Wednesday, 28 November 2012

Two very different draws

Away trips to Villa and Goodison Parks, respectively, have left the Gunners with two points from the last two games – not a great return. They were very different performances, but in truth Arsenal didn't play particularly well in either match.

The Villa game was a drab affair. Given the Villains' recent performances, and our own fairly decent recent form, I said in my last post that there were no excuses. Wenger didn't agree, however, and promptly made some in his post-match interview, blaming the poor performance on the classic go-to explain-away: 'We had a Champions League game on Wednesday night and we knew [that] when you play away from home after the Champions League, it’s a difficult game … after the Champions League game, when you play away from home, you can make a draw, it can happen. We could have won the game, we could have lost the game.'  He put our lack of cut and thrust down to the fact that 'we lacked sharpness … in the final third. You could see that physically we were a bit jaded.'

Even conceding that he had a point here, we were all hoping for a better performance on Wednesday night against Everton. The starting line-up was unchanged save for the surprise omission of Lukas Podolski – struck down by illness, apparently. This meant that Aaron Ramsey started out wide – a prospect that didn't fill me with confidence. However, I was almost immediately forced to eat those words when Ramsey's neat one-two with Theo Walcott led to a goal just 52 seconds in.

Walcott has now scored 9 goals in his last 11 games in all competitions – and we are still wrangling over his contract. It’s no surprise that the fans were chanting for Gazidis to ‘sign him up’ after he netted the opener. Let's hope the Chief Exec listens; Theo has now started to deliver on all that early promise and arguably carries more attacking threat than any other Arsenal player.

We held on to the lead for 27 minutes but the returning Marouane Fellaini proved to be our undoing, as Bacary Sagna was robbed in our own half and Fellaini picked up the ball before sending a low drive past Szczesny. Fellaini has been Everton's best player this season and he caused Arsenal big problems throughout the game. At his best the Belgian's play is as unruly and untameable as his hair, and Arsenal struggled to contain him.

We created few chances of our own. Santi Cazorla was subdued as Everton intentionally stifled him in midfield. He was well marshalled by Leon Osman and Darron Gibson despite the best efforts of Jack Wilshere and Mikel Arteta to compete in the middle of the pitch. Without Santi there was little in the way of service to to Olivier Giroud, who nevertheless struggled manfully, but after looking as though he was about to make a real breakthrough in his fledgling Premier League career, now seems to have stalled a bit. In itself that raises many questions about the predictability of our play and the lack of creative outlets when the central midfield players aren't ticking.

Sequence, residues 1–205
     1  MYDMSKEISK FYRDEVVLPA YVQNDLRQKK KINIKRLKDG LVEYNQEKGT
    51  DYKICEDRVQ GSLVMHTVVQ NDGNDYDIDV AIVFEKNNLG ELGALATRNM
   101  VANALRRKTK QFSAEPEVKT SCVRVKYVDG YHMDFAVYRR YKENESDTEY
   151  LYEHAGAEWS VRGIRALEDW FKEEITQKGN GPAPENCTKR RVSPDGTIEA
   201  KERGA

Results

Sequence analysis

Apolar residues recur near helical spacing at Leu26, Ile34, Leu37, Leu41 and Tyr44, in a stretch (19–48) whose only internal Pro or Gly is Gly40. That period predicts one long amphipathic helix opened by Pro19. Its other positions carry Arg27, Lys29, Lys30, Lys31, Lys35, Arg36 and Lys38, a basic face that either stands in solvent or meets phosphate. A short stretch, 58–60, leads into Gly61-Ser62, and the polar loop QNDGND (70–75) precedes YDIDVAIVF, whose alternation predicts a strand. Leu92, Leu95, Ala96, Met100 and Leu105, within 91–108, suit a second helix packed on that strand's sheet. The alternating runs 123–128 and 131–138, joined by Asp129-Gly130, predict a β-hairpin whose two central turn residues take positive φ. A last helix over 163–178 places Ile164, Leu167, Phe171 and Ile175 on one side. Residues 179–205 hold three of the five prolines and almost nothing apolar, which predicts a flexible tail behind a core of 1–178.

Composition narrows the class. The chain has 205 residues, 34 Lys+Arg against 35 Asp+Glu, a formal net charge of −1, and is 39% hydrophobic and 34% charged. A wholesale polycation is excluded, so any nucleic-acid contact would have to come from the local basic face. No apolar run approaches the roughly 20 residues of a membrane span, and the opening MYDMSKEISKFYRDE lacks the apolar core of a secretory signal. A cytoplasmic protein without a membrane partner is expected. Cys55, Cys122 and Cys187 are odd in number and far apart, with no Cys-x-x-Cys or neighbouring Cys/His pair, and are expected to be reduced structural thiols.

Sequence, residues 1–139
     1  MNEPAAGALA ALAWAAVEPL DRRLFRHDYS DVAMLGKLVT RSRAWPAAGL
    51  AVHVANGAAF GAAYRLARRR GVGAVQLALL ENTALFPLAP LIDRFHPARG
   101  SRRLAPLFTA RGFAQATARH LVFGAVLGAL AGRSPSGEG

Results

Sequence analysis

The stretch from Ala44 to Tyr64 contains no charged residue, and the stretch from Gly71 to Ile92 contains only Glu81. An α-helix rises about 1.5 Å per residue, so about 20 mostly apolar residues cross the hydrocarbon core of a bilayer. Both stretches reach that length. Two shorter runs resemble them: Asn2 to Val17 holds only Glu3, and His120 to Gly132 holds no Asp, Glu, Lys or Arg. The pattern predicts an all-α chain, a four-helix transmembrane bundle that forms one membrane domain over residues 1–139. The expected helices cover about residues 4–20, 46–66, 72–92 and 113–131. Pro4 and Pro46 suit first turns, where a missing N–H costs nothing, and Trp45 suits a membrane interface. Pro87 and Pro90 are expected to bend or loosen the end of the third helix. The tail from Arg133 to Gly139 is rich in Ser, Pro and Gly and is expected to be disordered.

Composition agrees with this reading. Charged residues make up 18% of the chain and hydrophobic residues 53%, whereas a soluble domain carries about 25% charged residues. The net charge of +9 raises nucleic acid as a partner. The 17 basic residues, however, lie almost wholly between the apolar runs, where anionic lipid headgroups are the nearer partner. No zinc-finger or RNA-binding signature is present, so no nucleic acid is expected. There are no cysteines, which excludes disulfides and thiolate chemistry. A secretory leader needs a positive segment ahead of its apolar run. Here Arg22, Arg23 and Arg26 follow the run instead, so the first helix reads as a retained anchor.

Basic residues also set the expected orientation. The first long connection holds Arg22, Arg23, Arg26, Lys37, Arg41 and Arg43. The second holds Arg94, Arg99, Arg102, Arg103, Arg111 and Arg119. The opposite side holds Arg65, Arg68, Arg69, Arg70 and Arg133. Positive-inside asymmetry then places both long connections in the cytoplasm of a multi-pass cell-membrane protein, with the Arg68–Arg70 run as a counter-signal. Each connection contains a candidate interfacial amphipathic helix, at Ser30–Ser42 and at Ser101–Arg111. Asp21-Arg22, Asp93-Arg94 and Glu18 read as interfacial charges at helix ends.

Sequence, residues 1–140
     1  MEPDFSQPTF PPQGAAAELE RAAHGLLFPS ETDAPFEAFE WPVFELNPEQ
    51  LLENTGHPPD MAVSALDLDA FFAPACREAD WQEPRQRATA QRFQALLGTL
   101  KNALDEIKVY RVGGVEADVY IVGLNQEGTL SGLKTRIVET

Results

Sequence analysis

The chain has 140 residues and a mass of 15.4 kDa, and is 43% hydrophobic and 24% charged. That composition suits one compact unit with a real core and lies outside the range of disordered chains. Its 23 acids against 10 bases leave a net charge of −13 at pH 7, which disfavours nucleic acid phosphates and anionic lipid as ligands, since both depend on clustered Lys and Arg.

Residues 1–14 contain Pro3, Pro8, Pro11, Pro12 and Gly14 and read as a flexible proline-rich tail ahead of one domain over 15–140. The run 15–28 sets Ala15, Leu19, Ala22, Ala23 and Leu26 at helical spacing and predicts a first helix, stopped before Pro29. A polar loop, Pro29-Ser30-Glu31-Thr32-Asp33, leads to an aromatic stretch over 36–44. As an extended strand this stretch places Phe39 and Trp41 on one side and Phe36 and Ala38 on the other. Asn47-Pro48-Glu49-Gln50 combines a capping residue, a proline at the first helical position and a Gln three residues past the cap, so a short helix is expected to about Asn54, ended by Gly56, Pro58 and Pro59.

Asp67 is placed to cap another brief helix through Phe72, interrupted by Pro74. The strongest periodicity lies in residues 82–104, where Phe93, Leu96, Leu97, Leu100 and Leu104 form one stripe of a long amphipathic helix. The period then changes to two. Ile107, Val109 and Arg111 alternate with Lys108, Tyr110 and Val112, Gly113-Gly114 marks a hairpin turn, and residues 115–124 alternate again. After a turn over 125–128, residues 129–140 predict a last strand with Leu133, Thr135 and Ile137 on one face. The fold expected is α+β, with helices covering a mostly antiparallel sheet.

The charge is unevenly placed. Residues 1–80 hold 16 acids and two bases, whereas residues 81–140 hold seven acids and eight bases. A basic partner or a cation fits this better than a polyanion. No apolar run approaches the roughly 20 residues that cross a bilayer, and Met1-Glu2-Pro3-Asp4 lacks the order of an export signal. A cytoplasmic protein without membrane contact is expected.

Only a solid defensive performance – and an excellent showing from Szczesny – saved us from conceding again. This was all the more commendable given the injury to Laurent Koscielny just four minutes into the game, which led to the introduction of Kieran Gibbs. It did mean, however, that Vermaelen was shunted from left back to centre half. Thomas went on to give probably his best performance of the season so far, emphasising the fact that he is wasted as a full back. The captain is far happier and much more effective in his natural position.

He had to be at his best, as Arsenal had their backs to the wall for much of the second half. The Toffees have played some scintillating football this season, and they had numerous opportunities to win the game. Given their uncharacteristically fine start to the season, they look to be in the mix and should be considered a real threat to our hopes of finishing in the top four. Depressingly, that made this match effectively a six-pointer – from which we could not capitalise.

I cannot be alone among Gooners in shooting envious glances at certain members of the Everton squad – they looked very good indeed. David Moyes has been quietly building a very effective unit on a well-publicised shoestring budget. Arsene Wenger seems to have built a decidedly average squad working within the same means – but his financial limitations seem largely self-imposed, rather than dictated by a parsimonious chairman like Bill Kenwright.

One Everton player in particular who has impressed is Kevin Mirallas. Although he didn't play last night (he's out for three weeks with a hamstring injury), he has looked a lively and skilful player. He was also one of the many supposed targets with whom Arsenal were repeatedly linked over the summer – who knows why we didn't end up signing him, but he definitely looks to be one who got away. Similarly, Nikica Jelavic, Marouane Fellaini and Leighton Baines would all be welcome additions to the Arsenal squad – and even young players like Seamus Coleman, Apostolos Vellios and new £5m signing Bryan Oviedo look like the sort of raw talents that Arsenal were once famed for finding.

Fortunately for us, on Wednesday night none of the Everton attack save for Fellaini found their range, and we managed to hold out for a point. We will need to improve on Saturday when we return to the Emirates for a tough home tie against Michael Laudrup's Swansea – another team with some fine players, including the two flamboyant Spaniards Michu and Pablo Hernandez. Spearheaded by those two, the Swan ripped a hitherto impressive West Brom apart at the Liberty last night, as the Gunners laboured to their tepid 1-1 draw.